Micro:bit controls Neopixels

micro:bit, Python3.X

How to set up the hardware

Please follow the wiring shown on the photo below. There are two connections to the micro:bit, one is on the GND connector (the yellow cable on the picture), the other is on PIN0 (the white cable on the picture).

The Neopixels get their power from a battery pack, as they may draw too much current to be run via the USB interface and the micro:bit. The battery holder is made for 4 batteries, as we can only use 3, the missing battery is replaced with a wire (the green cable). The 3 batteries supply 4.5V, this is sufficient and safe.


Here are some code snippets to upload, try out and modify to your liking.

You need to start a web browser and go to micro:bit to copy and paste the code below. Then press “Download” to create an executable file with the extension .hex. You find this file in your download folder. Next connect the micro:bit to an USB port and make sure that you see the micro:bit as a drive in the File Explorer. Then drag and drop the file onto the micro:bit drive icon. The yellow LED on the micro:bit will start to flash. If the program is correct, the program will start to run once the yellow LED lights up steadily. Otherwise you will get error messages with line numbers on the LED matrix of the micro:bit. Once you have fixed the errors, download again.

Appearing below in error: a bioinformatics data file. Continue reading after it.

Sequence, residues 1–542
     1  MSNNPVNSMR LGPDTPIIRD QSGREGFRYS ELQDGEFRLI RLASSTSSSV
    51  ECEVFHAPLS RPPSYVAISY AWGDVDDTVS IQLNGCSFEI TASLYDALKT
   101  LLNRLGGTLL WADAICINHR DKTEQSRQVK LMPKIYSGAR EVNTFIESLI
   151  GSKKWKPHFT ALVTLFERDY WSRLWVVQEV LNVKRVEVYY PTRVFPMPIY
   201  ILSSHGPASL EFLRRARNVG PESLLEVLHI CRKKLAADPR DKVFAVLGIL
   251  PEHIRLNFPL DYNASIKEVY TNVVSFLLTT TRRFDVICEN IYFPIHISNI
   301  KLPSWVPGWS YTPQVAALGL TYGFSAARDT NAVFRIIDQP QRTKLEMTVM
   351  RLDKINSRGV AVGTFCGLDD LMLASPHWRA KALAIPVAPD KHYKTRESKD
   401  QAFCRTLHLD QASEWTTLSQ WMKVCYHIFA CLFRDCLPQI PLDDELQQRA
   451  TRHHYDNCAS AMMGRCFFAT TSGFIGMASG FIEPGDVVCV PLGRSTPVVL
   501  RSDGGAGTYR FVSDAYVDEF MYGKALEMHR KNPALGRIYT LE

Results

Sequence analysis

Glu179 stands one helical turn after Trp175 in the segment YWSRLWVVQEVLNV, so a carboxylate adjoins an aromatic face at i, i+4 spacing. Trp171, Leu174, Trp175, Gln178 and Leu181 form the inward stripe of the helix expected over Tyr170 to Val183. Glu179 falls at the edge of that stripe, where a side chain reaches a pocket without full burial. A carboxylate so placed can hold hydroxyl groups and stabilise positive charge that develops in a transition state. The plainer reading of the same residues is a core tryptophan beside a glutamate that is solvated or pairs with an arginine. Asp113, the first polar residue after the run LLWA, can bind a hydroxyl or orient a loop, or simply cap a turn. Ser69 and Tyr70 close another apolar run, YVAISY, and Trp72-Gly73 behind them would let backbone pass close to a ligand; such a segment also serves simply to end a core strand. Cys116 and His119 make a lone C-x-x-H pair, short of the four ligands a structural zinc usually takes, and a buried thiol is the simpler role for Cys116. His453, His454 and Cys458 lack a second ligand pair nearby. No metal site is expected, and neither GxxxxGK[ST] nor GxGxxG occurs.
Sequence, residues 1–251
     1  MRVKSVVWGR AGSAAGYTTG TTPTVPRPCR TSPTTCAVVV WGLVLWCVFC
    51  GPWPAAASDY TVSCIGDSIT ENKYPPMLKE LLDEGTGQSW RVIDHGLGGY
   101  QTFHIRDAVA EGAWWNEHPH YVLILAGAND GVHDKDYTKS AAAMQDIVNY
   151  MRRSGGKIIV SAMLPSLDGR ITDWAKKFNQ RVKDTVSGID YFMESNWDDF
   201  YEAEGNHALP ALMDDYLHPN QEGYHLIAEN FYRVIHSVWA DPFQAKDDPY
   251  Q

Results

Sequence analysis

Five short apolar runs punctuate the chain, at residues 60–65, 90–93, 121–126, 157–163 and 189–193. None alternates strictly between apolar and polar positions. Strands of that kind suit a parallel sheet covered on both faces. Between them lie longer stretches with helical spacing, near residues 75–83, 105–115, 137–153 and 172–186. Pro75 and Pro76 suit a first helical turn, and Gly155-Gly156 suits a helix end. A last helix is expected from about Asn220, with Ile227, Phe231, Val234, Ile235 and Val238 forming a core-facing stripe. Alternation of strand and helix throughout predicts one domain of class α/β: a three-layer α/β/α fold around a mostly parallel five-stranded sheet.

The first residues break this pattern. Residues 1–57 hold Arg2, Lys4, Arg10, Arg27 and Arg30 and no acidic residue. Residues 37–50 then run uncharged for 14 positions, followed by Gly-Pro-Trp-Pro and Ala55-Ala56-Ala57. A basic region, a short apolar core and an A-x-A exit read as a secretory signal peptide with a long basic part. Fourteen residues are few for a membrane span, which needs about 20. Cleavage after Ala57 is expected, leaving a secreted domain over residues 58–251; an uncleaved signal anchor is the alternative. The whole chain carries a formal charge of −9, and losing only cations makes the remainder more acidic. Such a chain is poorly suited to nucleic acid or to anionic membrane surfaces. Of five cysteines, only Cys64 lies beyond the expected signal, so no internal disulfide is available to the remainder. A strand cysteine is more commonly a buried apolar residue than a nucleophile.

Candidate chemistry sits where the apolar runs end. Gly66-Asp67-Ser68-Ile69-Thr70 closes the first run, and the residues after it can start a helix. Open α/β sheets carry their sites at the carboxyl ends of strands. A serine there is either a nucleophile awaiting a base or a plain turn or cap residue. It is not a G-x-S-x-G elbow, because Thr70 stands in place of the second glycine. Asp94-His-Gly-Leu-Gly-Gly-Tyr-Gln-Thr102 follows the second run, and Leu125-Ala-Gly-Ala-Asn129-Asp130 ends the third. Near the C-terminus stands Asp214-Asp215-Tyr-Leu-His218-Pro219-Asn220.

This first example changes the colour of the Neopixels one after another and leaves each pixel on until it is refreshed in a different colour.

Repeatedly displays random colours onto the Neopixels.
Works for Neopixel strips of 30.

from microbit import *
from neopixel import NeoPixel
from random import randint

# Setup the Neopixel strip on pin0 with a length of 30 pixels
np = NeoPixel(pin0, 30)
while True:
#Iterate over each LED in the strip
for pixel_id in range(0, len(np)):
red = randint(0, 60)
green = randint(0, 60)
blue = randint(0, 60)
# Assign the current LED a random red, green and blue value between 0 and 60
np[pixel_id] = (red, green, blue)
# Display the current pixel data on the Neopixel strip

Here is another example with a different lighting pattern:

Adafruit example, modified to run with 30 LED strip.
see at
for the basic version with one running neopixel
180815 Modified the original version, but not yet debugged.
181001 Debugged and running!

from microbit import *
from neopixel import NeoPixel

num_pixels = 30
foreground = [255, 0, 0] # Int color - red, green and blue
foreground2 = [0, 255, 0]
background = [16, 16, 16]

ring = NeoPixel(pin0, num_pixels)

while True:
# red/green dot circles around a white background (for 30 neopixel strip)
for i in range(0, num_pixels-1):